Earlier this year, CIO.com and its outsourcing experts made several bold (and a few slightly less daring) predictions for IT services in 2015. We suggested that this year, companies would get serious about managing their IT supplier risk. (Not exactly.) We said that renegotiation and multi-sourcing would dominate contracting activity. (They did.) And we envisaged the arrival of outcome-based sourcing and the departure of the RFP. (Neither, alas, came to pass.)
We revisited all of our prognostications from last year and found that, once again, we got half of them right. Three of them were off base, and two were just beginning to take shape at year-end. As we pull together our forecast for 2016, here’s how all those 2015 predictions panned out.
Right on target
Customers embrace standardization
Companies did, in fact, become less interested in customer solutions and the intensive infrastructure required to support them. “They largely see standardization as a way to drive productivity, efficiency and maintainability of solutions,” says Marc Tanowitz, managing director of outsourcing consultancy Pace Harmon.
“Service providers have clearly moved away from asset based deals, which is forcing buyers to increasingly invest in optimizing their IT infrastructure to meet the needs of their stakeholders. What’s more, cloud providers began to offer more protections and options in their standard agreements, explains Rebecca Eisner, partner in the Chicago office of law firm Mayer Brown. “Companies embraced standard offerings in 2015 in large measure because providers began to embrace the needs of big company customers. This is particularly apparent for core functions for which cloud terms have historically been ill-suited.”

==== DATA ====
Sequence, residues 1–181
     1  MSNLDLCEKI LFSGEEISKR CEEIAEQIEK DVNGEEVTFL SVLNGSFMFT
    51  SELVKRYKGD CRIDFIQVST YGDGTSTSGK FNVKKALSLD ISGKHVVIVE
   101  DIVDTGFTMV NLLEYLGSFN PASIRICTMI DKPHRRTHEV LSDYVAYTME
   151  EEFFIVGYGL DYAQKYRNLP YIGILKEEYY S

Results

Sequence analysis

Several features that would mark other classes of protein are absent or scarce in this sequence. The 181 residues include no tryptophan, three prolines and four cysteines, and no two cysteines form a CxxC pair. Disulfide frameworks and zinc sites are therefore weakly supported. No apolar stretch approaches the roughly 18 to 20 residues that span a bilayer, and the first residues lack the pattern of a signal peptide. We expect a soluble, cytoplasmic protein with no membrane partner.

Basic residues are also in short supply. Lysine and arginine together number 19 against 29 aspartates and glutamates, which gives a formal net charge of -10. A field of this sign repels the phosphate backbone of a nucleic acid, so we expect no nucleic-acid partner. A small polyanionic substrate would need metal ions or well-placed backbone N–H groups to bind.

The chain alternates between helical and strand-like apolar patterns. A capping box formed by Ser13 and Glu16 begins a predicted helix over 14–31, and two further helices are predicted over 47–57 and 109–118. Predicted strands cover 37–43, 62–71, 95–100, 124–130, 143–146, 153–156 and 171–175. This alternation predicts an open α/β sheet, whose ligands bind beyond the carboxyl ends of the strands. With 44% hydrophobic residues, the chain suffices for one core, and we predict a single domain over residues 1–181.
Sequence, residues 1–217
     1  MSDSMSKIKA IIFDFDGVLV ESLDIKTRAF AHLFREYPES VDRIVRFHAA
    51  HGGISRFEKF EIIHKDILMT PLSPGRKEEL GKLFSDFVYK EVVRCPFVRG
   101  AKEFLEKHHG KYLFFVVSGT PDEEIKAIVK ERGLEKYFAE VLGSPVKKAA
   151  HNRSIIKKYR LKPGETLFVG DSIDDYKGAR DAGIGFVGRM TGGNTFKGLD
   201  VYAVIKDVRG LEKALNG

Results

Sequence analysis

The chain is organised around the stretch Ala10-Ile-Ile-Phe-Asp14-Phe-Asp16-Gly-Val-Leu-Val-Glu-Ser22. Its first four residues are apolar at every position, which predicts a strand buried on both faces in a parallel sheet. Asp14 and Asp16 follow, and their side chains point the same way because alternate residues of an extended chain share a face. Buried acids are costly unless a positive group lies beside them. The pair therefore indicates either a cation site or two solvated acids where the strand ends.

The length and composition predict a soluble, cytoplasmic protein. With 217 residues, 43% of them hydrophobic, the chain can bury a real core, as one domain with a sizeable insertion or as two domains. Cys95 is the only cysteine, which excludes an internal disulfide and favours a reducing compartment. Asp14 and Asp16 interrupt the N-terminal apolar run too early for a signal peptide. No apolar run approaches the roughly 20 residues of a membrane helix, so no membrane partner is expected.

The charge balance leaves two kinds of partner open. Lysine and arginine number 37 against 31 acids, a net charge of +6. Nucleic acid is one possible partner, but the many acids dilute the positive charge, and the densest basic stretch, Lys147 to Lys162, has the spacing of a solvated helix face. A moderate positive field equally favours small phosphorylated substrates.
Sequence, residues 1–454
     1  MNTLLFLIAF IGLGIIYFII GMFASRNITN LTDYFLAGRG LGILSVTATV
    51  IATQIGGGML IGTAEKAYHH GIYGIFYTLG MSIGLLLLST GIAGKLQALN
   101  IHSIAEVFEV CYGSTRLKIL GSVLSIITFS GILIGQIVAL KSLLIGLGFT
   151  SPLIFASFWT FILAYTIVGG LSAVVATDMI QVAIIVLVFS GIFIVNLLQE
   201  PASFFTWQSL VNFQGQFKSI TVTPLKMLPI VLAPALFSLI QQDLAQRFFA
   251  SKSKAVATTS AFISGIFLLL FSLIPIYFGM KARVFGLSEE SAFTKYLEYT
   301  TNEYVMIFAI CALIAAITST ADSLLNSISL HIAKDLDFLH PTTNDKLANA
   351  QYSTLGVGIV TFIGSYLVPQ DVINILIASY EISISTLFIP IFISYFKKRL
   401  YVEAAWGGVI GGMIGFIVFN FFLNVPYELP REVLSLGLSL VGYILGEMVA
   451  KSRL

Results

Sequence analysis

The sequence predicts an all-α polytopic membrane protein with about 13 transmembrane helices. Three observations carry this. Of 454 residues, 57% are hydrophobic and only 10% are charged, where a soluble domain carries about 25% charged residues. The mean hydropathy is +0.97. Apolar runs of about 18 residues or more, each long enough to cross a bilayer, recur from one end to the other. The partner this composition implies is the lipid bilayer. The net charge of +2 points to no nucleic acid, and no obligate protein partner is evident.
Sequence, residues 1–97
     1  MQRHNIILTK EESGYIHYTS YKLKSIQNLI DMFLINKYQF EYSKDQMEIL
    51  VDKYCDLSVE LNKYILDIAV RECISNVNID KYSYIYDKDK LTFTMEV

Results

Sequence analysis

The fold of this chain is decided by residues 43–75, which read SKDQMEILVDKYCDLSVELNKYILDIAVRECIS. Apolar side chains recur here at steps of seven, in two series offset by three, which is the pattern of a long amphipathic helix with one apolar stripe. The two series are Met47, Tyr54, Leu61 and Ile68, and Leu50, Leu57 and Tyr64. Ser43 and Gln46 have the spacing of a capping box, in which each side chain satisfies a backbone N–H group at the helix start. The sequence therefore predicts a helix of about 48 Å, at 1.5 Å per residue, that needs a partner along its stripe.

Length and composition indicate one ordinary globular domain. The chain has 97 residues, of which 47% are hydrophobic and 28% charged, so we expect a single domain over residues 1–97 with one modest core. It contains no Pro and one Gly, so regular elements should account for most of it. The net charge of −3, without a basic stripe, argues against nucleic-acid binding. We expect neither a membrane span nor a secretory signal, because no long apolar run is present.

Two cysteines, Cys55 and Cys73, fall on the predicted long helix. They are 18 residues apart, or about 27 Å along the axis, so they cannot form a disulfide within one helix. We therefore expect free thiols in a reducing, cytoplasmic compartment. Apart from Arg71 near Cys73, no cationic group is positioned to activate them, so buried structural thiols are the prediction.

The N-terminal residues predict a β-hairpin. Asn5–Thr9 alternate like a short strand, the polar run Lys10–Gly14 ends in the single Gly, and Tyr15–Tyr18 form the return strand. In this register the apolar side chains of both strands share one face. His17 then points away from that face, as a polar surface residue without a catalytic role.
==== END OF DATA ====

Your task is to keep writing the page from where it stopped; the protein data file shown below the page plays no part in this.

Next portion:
Companies didn’t just renegotiate at the end of their outsourcing deals, they started re-examining them mid-term, says Dan Masur, partner in Mayer Brown’s Washington, D.C. office. “The renegotiations have been driven in part by re-solutioning to bring in new technologies, retrofitting to add digital technologies, restructuring to adopt outcome or output based pricing, reconciling the contract to changing realities, and re-sourcing components of the services to specialized providers.” This behavior, however, was more stop-gap than strategy, says Bill Huber, managing director with outsourcing consultancy Alsbridge. “The market has shifted dramatically, and re-competes have demonstrated the potential to unlock significantly greater value at this juncture than can usually be achieved by a straight renegotiation, whether or not the renegotiation includes re-scoping.”
The deal-per-customer ratio continued to climb. “Clients are becoming increasing comfortable with best of breed suppliers and multi-provider environments,” says Tanowitz of Pace Harmon. “Driven by popularity of the cloud, standardization allows clients to ‘plug in’ or ‘unplug’ providers easily, and many companies have moved away from deals with a heavy asset investment by the provider.” However, points out Information Services Group (ISG) partner Steven Hall, “many enterprises are still challenged with governing in a services-based environment and have yet to modernize their governance organizations. We continued to see rapid adoption of SaaS solutions; workloads/applications moving to public cloud environments; and the implementation of bi-modal IT models, which all require advanced governance capabilities seen in product lifecycle management.”
The cloud comes down to earth
Finally. “In 2015, cloud computing reached the end of the beginning,” said Paul Roy, partner in the business and technology sourcing practice of Mayer Brown. “Cloud computing has become and is now a routine part of outsourcing conversations and solutions.” Public, private and hybrid solutions were all on the table. “At this point, enterprises’ forward looking investments almost always include cloud infrastructure for the apps they are supporting,” says Pace Harmon’s Tanowitz.
The sourcing decision becomes data-driven
“2015 saw the continued rise of Technology Business Management and TBM software providers,” says ISG’s Hall. “IT organizations are starving for actionable intelligence, based on their data, to help them make sound investment decisions.” Tanowitz argues that sourcing has always been data driven: “data and analytics are essential to ensure sourcing decisions are grounded in a solid business case and also to ensure that the procurement process remains objective and audit-proof. We expect this to continue to be the case, even for emerging technologies and new and innovative services.”